Assistant Attorney General Brian A. Benczkowski of the Justice Department’s Criminal Division announced today an expansive health care fraud enforcement operation across the Gulf Coast, involving charges against a total of 11 individuals across four federal districts for their alleged involvement in various schemes to defraud Medicare, Medicaid and TRICARE and to obtain oxycodone and other controlled substances by fraud. The conduct allegedly resulted in more than $515 million in fraudulent billings. Those charged included physicians, licensed social workers, as well as other medical and business professionals. In addition, in the state of Louisiana, 22 defendants, including 19 certified mental and home health professionals, have been charged with defrauding Medicaid out of approximately $300,000. These cases were investigated by Louisiana’s Medicaid Fraud Control Unit (MFCU).
Today’s enforcement actions were led and coordinated by the Health Care Fraud Unit of the Criminal Division’s Fraud Section in conjunction with its Medicare Fraud Strike Force (MFSF) partners, a partnership among the Criminal Division, U.S. Attorney’s Offices, the FBI, the Drug Enforcement Administration (DEA), and U.S. Health and Human Services-Office of Inspector General (HHS-OIG). In addition, the operation includes the participation of IRS-Criminal Investigations (IRS-CI), Mississippi Bureau of Narcotics (MBN) and various other federal law enforcement agencies and state MFCUs.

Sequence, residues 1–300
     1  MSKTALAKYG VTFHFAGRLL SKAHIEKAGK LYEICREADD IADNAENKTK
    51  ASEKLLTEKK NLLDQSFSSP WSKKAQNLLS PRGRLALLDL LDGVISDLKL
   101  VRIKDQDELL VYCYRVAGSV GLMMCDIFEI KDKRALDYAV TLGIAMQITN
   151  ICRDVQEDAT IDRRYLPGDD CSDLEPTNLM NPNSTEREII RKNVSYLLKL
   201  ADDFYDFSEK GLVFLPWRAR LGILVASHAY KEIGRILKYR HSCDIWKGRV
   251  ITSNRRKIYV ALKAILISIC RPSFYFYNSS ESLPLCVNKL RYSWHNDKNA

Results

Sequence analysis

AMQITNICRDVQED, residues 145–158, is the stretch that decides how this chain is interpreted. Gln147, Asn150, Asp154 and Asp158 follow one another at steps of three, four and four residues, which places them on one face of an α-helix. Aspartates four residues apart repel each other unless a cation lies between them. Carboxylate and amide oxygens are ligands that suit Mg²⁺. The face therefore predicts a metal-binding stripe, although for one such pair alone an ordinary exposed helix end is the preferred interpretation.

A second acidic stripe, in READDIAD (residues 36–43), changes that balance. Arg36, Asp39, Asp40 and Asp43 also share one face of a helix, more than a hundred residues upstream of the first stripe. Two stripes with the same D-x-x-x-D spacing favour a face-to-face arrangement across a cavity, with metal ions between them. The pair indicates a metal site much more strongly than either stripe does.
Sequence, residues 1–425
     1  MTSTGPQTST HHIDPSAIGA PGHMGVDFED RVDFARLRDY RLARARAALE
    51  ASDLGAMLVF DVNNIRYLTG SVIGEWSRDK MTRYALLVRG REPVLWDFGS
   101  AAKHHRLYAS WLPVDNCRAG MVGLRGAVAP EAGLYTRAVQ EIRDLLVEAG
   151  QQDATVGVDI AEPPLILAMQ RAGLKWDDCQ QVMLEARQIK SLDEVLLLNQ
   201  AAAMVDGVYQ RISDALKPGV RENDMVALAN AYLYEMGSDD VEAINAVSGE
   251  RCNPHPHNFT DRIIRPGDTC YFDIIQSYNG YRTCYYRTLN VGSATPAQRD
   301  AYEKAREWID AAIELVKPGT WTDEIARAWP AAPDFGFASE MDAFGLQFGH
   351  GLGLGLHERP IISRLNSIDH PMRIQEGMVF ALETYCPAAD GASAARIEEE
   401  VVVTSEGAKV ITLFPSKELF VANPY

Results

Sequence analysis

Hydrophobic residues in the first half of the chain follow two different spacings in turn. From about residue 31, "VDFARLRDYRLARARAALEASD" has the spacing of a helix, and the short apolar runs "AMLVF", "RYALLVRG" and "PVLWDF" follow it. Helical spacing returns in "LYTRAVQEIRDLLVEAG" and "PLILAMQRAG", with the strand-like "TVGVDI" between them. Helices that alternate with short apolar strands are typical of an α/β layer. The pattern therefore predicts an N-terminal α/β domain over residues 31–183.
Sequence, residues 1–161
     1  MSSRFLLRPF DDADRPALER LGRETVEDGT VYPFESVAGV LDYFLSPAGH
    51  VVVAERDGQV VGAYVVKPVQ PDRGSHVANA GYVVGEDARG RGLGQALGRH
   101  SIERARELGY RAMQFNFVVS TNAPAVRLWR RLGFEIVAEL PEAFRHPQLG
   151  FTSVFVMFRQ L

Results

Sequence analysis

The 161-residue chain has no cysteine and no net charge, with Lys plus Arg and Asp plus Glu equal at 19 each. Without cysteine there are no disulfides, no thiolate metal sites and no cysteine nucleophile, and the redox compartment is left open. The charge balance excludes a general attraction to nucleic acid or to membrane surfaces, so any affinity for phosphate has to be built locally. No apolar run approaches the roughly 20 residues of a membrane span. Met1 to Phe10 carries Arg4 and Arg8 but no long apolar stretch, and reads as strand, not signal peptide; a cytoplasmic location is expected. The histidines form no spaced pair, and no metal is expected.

The charges announced today aggressively target alleged schemes billing Medicare, Medicaid, TRICARE (a health insurance program for members and veterans of the armed forces and their families) and private insurance companies for medically unnecessary services, such as psychotherapy and other behavioral health services, and items, including durable medical equipment and compounded medications.
“Fraud against our nation’s vital federal health care programs amounts to theft from American taxpayers,” said Assistant Attorney General Brian A. Benczkowski of the Justice Department’s Criminal Division. “The Department of Justice, together with our law enforcement partners, will continue to investigate and prosecute aggressively those who bill these programs for medically unnecessary services, whether in the Gulf Coast or elsewhere in the United States.”